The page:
How Michelle found new ways to communicate
Michelle* lives in one of our homes in Scarborough. She is autistic and has extremely complex needs as she is non-verbal and exhibits challenging behaviours when frustrated, angry or upset.
Working with Michelle*
Her support workers, led by service manager Kelly Barnard, were inspired by our new autism specialism and introduced a range of innovative sensory activities to engage with Michelle* and improve her quality of life. The change in Michelle* as a result has been described as ‘absolutely amazing’ and staff love to see her cheeky grin.
As Michelle* communicates mainly through objects of reference, the team are finding ways to use her favourite objects as prompts to encourage her to try new activities and environments and reduce any anxieties.
To discourage Michelle* from taking other people’s drinks from them, the team successfully introduced a new routine using her favourite purple cup. She now understands that her drinks are always served in this cup, so the team are using this to work towards taking her out to cafes in the future.
They noticed that Michelle* enjoys the feeling of rain on her face, so recreated this sensory experience for her inside the home with bubbles. She giggles with delight when they burst on her face.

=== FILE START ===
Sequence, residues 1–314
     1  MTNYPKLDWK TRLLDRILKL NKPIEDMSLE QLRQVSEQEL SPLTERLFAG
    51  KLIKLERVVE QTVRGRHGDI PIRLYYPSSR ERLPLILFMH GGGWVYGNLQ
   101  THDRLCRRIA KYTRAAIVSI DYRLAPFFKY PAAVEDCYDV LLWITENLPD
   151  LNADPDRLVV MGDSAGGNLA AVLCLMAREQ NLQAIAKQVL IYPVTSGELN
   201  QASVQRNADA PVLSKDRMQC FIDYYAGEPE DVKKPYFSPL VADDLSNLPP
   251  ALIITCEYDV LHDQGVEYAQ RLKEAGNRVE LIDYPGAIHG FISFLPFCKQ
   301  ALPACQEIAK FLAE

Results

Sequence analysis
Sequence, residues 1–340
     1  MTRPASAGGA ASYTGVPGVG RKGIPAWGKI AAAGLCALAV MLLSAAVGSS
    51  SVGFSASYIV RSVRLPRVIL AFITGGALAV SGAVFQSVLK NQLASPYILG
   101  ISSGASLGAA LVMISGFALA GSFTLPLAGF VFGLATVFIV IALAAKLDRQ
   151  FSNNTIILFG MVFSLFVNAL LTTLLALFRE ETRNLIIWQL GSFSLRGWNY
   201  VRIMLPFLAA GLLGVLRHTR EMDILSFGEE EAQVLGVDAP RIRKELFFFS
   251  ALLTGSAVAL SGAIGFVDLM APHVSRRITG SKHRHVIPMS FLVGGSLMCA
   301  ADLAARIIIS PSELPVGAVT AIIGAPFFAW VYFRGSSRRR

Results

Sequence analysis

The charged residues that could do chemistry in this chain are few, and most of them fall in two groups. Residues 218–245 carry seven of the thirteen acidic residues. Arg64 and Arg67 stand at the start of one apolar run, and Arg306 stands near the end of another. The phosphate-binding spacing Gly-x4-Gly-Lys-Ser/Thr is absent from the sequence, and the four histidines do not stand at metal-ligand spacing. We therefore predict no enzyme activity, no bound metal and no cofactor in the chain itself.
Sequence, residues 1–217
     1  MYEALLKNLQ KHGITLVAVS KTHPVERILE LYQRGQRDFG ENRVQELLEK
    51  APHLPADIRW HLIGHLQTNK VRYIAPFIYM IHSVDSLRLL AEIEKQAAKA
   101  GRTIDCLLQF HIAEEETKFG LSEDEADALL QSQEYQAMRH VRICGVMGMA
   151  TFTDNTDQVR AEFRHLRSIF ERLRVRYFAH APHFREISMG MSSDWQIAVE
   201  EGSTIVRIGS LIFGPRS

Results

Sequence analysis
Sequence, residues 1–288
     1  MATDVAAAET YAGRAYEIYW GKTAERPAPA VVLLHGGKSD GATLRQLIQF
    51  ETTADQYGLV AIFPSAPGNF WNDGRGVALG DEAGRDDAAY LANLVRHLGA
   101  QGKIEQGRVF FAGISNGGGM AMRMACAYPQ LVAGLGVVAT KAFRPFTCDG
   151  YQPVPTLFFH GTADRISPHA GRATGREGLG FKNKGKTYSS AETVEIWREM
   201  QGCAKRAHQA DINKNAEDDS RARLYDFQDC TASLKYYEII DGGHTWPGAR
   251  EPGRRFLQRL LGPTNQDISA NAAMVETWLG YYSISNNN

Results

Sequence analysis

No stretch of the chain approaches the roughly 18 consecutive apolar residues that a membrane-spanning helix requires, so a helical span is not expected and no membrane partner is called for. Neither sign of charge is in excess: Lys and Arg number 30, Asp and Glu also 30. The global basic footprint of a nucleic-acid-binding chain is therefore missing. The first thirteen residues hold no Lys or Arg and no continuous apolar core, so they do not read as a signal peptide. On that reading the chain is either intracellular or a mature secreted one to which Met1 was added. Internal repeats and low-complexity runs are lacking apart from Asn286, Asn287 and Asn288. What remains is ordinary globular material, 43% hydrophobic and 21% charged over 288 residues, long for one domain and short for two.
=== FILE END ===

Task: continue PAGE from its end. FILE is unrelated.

She also loves to feel the wind, so her team introduced colourful sheer scarves which she throws into the air so they fall gently across her face. This evolved from their observation of how much Michelle* enjoys throwing her cushions around the room and is a safer way for her to express herself.
Huge progress for Michelle*
Before, Michelle* would choose to spend most of her day sitting in the dining room when she wasn’t outside or taking part in activities.
Now, thanks to an autism-specific environmental assessment and subsequent adaptations to the lounge, she uses this room and her bedroom freely each day.
Michelle’s* team are inspired by the positive changes in her behaviour and are finding new ways to engage her. Michelle* is now a much happier, calmer person and the enhanced sensory activities they introduced for her have enriched the lives of the home’s other residents as well.
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(This person’s name has been changed to protect their confidentiality.)